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Ten Things Dems Could Do to Win | The Nation

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Ten Things Dems Could Do to Win

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Yes, the country is in a foul mood, with 15 million unemployed. The Democrats may get clobbered in 2010. And even if we survive, how do we hang on for the long term? If our great founder, FDR, could come back to us, he might remind us of the three simple rules that once, long ago, Democrats used to follow:

About the Author

Thomas Geoghegan
Thomas Geoghegan is a labor lawyer and author. His most recent book is Were You Born on the Wrong Continent? How the...

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The GOP declares Keynesianism dead, but it hasn’t really been tried. The great economist would have us do much more than “prime the pump” to pull the country out of this morass.

Let the Republicans actually filibuster something, hour after excrutiating hour, in real time. The public won't like it.

1. Do something for your base.

2. Do something for your base.

3. Do something for your base.

Seriously: why can't we do something for our base? It's been almost a half-century since we Democrats did something for our base, when Lyndon Johnson pushed through Medicare, i.e., "socialized medicine" for seniors. And while some may compare the new Patient Protection and Affordable Care Act of 2010 to Medicare, there's a big difference. To the public, the new law seems to benefit only the uninsured: the young or the marginal, few of whom will even vote in 2010 (maybe just a third of the electorate will). So while the new law is a big help to them, it does nothing for the rest of our base, especially our smaller core base that will vote in the midterms. Indeed, it seems to penalize our base, or at least raise their taxes, at a time when they have lost a big chunk of their 401(k) pensions, or their jobs, or even their homes—and if they're lucky and still have a job, they may be working just three instead of five days a week. These are the very people who voted us in. "Yes, we can!" And they watched, dumbfounded, as Congress virtually forgot their plight in our struggle to raise their taxes to give benefits to a lot of red-state uninsured who may never say thank you, and whose twenty or so red states are now trying to overturn the law.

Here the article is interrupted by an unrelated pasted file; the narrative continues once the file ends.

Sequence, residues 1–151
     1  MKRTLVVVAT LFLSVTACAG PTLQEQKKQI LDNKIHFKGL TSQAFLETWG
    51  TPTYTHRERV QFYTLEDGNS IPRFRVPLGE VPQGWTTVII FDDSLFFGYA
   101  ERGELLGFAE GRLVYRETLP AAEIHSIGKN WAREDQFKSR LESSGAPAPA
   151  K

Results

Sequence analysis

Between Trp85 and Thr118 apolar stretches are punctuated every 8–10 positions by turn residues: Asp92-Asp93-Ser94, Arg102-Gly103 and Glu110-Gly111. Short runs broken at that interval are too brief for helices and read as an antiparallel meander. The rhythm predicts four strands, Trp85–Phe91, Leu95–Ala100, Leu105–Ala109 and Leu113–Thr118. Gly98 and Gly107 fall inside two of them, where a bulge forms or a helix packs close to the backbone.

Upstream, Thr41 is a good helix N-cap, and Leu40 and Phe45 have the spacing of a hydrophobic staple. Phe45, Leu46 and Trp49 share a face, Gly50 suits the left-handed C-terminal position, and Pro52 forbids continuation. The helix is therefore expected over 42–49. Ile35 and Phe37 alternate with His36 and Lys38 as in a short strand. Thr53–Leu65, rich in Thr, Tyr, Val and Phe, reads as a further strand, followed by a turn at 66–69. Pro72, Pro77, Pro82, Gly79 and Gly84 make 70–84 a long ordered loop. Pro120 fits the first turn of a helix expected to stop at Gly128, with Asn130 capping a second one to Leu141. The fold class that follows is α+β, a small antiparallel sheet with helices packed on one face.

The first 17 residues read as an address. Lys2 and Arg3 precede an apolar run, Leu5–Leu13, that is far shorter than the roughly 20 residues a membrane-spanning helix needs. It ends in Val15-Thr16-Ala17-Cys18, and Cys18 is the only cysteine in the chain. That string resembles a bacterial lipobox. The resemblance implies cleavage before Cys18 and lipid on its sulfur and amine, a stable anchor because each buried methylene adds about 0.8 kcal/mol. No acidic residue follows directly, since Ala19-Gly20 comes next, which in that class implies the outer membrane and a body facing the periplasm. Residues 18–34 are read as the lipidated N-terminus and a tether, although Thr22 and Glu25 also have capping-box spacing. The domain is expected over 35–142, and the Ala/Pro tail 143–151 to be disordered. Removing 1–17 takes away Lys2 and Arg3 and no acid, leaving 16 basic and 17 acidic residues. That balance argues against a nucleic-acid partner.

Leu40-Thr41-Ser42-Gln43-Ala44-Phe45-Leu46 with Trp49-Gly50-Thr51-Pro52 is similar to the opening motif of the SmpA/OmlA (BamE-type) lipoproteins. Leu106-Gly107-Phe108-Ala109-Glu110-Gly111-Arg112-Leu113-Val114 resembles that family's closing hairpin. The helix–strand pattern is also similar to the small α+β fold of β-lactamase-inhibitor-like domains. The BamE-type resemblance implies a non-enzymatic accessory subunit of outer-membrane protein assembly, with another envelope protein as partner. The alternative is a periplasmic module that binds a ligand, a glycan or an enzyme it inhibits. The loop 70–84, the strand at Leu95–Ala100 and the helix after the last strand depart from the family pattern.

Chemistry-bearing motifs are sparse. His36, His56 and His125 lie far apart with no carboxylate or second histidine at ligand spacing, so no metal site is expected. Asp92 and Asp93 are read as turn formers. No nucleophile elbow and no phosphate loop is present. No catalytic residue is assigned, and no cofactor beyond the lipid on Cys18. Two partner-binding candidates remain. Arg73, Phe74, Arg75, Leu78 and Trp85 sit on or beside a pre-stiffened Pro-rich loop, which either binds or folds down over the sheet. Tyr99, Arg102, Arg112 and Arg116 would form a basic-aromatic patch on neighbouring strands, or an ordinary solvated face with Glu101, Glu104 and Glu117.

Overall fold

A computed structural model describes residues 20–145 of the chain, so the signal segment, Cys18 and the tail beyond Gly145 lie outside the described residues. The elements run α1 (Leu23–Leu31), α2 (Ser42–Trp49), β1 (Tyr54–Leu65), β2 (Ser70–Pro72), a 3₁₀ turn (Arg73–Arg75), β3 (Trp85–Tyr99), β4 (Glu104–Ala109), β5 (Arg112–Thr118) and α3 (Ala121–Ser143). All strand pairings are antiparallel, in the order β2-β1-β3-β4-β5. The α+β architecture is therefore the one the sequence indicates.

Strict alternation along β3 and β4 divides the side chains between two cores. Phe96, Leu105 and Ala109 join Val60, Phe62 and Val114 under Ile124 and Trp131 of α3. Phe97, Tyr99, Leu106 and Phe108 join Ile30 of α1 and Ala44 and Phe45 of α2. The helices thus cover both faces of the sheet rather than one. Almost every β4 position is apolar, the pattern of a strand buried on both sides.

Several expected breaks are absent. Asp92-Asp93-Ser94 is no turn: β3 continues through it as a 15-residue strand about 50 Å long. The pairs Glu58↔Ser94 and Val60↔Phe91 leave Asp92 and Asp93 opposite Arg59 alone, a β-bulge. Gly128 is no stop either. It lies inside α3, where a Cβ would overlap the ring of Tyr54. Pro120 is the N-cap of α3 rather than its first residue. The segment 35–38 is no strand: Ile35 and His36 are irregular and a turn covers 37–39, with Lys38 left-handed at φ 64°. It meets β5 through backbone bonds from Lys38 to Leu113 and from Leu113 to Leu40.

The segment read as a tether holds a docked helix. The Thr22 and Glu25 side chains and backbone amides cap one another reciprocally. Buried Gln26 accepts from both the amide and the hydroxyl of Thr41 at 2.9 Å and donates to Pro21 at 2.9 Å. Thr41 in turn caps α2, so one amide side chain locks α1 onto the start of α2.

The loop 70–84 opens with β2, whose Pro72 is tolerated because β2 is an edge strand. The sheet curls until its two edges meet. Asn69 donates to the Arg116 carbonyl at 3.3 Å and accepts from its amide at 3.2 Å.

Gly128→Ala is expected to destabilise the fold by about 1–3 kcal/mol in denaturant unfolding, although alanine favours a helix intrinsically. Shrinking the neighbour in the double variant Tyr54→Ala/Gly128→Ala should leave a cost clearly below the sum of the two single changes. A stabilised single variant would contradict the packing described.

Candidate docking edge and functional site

Of course I'm in favor, wildly in favor, of this civilized and humane step toward healthcare for all. But after forty-five years of doing nothing for the people who register as Democrats, we might have kicked off 2010 by doing something for our base.

Yes, of course a fraction of our base, the uninsured, will benefit. But we could have started by doing something really big to reward or empower everyone in our base. Indeed, it's a puzzle that someone with Obama's acumen would not have done more to keep intact all these old-time Democrats and others who lifted him up to the White House in the last weeks of the election after Wall Street collapsed.

By the way, FDR would be the first to tell us it's not enough to do something for our base. Here are three other little rules we should follow when we do something for our base:

1. Keep it simple. The healthcare bill not only did nothing for our base; it was hard to understand. Every initiative should be capable of being put down in a single sentence or two. "Financial reform" is fine, but the Dodd-Frank Act is too hard to sum up coherently to our base on even an index card, much less a bumper sticker.

2. Make it universal. People on the left have all sorts of ideas for programs that turn out to be available only to a select few. By contrast take FDR's big ideas, like Social Security. Not everyone is on it, but sooner or later we all are headed there. If we're not there, our parents are. Likewise, Medicare: we'll all get there. The public option, which was left out of the healthcare law, was a nice idea and all, but in the end it would have been available only for a few.

Finally, the last and most important rule:

3. Make it add up to a plan. I mean, let's go beyond "the vision thing" and let people know we have a plan. Obama will not bring back the American economy of golden memory. The deficit will be horrendous. We may have to get used to unemployment of 7 percent, a 7 percent that covers up a bigger percent of people working just three instead of five days a week. FDR did not end the Depression, either. But people were patient because they knew he had a plan. He was rebuilding the economy from the bottom up, and it paid off, not in the 1930s but in the unionized, high-benefits postwar decades after he died.

People will be patient with us and keep us in power if they think we have a plan.

In this spirit here are ten things the Democrats could push this fall that not only do something for our base but (1) are simple, (2) appeal to at least half or more of the country and (3) add up to a plan.

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